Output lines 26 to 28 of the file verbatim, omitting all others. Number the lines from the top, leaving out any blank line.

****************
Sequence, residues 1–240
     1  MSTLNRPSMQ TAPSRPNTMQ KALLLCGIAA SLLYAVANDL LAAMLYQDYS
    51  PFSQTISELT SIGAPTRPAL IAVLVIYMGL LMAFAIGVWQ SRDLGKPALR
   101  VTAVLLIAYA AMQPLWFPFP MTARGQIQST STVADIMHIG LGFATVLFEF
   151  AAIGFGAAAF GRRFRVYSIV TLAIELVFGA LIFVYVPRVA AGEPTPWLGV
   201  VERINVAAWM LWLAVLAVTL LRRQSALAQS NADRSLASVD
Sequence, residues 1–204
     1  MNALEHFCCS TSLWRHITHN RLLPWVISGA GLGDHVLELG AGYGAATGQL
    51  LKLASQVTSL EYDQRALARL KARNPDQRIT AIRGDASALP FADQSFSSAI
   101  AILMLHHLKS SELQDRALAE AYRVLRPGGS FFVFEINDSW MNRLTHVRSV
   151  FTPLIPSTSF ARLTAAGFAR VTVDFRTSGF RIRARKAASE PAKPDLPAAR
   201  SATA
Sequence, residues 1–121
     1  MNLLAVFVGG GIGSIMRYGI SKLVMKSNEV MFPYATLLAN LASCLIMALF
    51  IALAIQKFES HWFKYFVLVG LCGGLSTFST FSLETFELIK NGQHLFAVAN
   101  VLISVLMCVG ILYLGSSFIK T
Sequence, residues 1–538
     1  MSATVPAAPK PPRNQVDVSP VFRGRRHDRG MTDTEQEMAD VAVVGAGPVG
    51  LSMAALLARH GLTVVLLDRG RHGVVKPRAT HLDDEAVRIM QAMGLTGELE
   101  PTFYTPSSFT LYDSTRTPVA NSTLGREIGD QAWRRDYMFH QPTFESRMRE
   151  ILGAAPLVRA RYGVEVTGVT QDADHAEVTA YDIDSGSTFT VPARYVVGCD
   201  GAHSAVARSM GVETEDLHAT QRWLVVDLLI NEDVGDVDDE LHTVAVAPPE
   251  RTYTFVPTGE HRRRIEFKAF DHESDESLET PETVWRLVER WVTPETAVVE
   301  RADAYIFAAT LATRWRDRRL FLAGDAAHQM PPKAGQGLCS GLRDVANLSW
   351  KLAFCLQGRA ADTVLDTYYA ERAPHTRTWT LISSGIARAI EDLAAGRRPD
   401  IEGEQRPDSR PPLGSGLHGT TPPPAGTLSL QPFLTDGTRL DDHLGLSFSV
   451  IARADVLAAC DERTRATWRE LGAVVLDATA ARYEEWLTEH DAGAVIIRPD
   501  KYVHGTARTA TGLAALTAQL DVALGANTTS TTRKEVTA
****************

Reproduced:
   401  IEGEQRPDSR PPLGSGLHGT TPPPAGTLSL QPFLTDGTRL DDHLGLSFSV
   451  IARADVLAAC DERTRATWRE LGAVVLDATA ARYEEWLTEH DAGAVIIRPD
   501  KYVHGTARTA TGLAALTAQL DVALGANTTS TTRKEVTA